And, he said with his snarky hat on, if you’re already spending too much money on an “overpriced” Canon, why are you fussing about “overpriced” CFast cards? Remember when P2 cards came out? Or SxS? Or XQD? All new, fast media are annoyingly expensive. True, CFast isn’t that “new” any more, but there’s a global NAND flash shortage at the moment, and even commodity SSDs have suffered rising prices in recent months. Take a deep breath, buy some “digital mags” that’ll last the life of the camera or beyond, and get on with life.

Like many of the commentariat, I was a bit puzzled by the C200s when I first saw the specs and the pricing. But the more I thought about it, the more I think Canon knows exactly what it’s doing. The camera marks a further refinement and streamlining of the physical package, and the capabilities and price slot it neatly between the C100 Mk II and the C300 Mk II. The C200 may not make a lot of sense to “outsiders”, but those in the Canon camp—a somewhat hermetic society, like Apple or Leica users—are likely to adopt it with the same enthusiasm as they have other Cinema EOS cameras.

Note that all the bits ‘n’ pieces needed to make the $7500 C200 out of the $6000 C200B can be ordered a la carte, with the exception of the pigtail EVF. If you want the EVF, you’ll need to buy the C200; you can’t add that EVF to the C200B at a later date.

My only serious complaint is that the C200s employ the standard bayonet mount for the EF lenses, rather than the far superior breech-lock / positive-locking EF mount on the C500 and C700. Bayonet-mounted lenses can flex and wobble on the body, which they are wont to do once you hook up a follow-focus or drive motor; this is a sadly missed opportunity to continue the trend that Canon already started towards making a more stable EF attachment for cine uses.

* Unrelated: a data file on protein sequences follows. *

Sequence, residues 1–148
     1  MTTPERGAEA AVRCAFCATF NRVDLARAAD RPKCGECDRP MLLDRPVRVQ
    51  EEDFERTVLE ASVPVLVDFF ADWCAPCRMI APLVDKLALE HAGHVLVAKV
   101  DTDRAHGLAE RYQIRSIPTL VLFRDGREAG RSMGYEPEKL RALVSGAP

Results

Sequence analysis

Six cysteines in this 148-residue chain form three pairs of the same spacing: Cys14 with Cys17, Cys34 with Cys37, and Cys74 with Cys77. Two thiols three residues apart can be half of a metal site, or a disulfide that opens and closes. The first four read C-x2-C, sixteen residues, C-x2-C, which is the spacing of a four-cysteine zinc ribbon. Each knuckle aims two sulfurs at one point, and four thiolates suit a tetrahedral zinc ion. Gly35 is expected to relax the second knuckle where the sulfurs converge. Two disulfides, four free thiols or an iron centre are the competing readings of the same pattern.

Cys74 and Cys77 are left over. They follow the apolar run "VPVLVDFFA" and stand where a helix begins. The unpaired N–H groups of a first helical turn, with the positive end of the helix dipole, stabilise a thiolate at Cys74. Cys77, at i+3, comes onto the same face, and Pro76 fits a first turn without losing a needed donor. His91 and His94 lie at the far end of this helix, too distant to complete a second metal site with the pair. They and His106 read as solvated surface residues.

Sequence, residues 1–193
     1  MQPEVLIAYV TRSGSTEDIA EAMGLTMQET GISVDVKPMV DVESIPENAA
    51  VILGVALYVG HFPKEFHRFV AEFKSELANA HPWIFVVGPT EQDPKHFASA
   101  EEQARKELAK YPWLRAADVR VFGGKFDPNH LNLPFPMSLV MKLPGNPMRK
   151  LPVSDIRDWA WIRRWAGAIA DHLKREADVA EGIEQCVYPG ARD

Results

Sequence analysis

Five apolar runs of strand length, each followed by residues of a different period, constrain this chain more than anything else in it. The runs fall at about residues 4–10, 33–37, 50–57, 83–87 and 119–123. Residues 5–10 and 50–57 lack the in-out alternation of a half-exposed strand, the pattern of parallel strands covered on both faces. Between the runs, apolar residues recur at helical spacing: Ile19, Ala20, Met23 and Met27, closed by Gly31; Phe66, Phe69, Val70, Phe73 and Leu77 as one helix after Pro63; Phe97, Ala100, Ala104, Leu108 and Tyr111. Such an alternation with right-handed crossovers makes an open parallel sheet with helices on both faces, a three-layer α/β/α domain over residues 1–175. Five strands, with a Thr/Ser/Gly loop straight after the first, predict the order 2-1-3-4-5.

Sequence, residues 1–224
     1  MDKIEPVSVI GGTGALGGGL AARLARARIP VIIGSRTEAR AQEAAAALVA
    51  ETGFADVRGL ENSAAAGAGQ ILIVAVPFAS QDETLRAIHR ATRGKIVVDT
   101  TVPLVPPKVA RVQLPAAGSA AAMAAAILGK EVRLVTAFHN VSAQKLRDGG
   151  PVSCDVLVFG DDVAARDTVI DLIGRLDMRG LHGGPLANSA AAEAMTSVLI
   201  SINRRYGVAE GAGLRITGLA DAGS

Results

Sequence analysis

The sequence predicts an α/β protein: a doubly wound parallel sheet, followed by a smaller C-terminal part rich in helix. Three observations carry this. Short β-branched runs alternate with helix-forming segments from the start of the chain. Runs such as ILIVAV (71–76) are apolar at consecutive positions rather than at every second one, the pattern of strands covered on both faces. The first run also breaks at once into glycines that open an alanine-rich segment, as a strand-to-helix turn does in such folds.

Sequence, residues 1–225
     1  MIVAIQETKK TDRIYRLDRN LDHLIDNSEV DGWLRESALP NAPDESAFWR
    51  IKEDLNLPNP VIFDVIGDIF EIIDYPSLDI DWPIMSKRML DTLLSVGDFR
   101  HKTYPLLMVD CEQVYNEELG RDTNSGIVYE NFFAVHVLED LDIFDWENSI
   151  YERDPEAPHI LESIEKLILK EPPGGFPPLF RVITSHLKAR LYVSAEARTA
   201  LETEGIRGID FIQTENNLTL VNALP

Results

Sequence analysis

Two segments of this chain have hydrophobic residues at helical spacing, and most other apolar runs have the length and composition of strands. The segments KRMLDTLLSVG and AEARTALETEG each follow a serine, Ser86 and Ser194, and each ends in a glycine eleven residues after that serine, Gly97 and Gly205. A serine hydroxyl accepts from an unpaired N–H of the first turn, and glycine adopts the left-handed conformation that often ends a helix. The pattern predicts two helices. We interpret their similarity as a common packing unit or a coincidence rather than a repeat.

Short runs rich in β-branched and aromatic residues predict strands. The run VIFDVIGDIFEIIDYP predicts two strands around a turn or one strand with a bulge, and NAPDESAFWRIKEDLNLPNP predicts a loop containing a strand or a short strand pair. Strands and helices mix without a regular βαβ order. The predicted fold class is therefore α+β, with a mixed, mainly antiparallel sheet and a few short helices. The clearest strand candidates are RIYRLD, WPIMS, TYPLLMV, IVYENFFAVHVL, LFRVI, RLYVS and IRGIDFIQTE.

The C200s are scheduled to ship in August.

Panasonic AU-EVA1

Panasonic tantalized crowds with a mockup of the AU-EVA1 under a cloth at NAB 2017; at Cine Gear Expo two mockups were unveiled: one under glass, and one in the hands of the indefatigable Mitch Gross.

Mitch Gross and the AU-EVA1
Mitch Gross and the AU-EVA1

Mitch and his mockup attracted heavy crowds. I was his first interview at 10am; when I walked past at closing time, he was still at it—a security guard had to come over and threaten to throw him out so the show could close.

The AU-EVA1 is (or will be) a 5.7K, Super35mm camcorder with an EF mount recording 10-bit 4:2:2 to SD cards. While codec speeds ‘n’ feeds weren’t being discussed, take a look at what the DC-GH5 and the DVX-200 can do, and you’ll likely have a pretty good idea.

Like its larger VariCam stablemates, the EVA1 will have a dual-native-ISO readout (exact values TBD), V-Log and V-Gamut, and, with a future firmware update, raw output to external recorders. The camera will capture 4K at up to 60P and 2K at up to 240p. The button layout on the side panel is vaguely VariCam-ish, and Mitch says that the menus will likely have a VariCam-like flavor to them, too. One thing not carried over from the VariCam, I’m told, will be the long reboot times!

At $8000 or less, the EVA is aimed at the gap between the VariCam LT and the GH5:

EVAlution
(from Panasonic’s EVA website)

Why 5.7K? The EVA is a Bayer-pattern single-chip camcorder, and like all such beasties the “honest” pixel resolution of the debayered sensor is a fraction of the raw pixel count. If we go by the rule of thumb that a good deBayer yields a final luma resolution of about 80% of the raw pixel count, 5K will give you a proper 4K image. If we’re lucky, some of that extra .7K might be used to provide “lookaround” outside the active image area, so we can see mike booms and light stands before they show up in picture.

The EVA1's 5.7K sensor
The EVA1’s 5.7K sensor
EVA1 side panel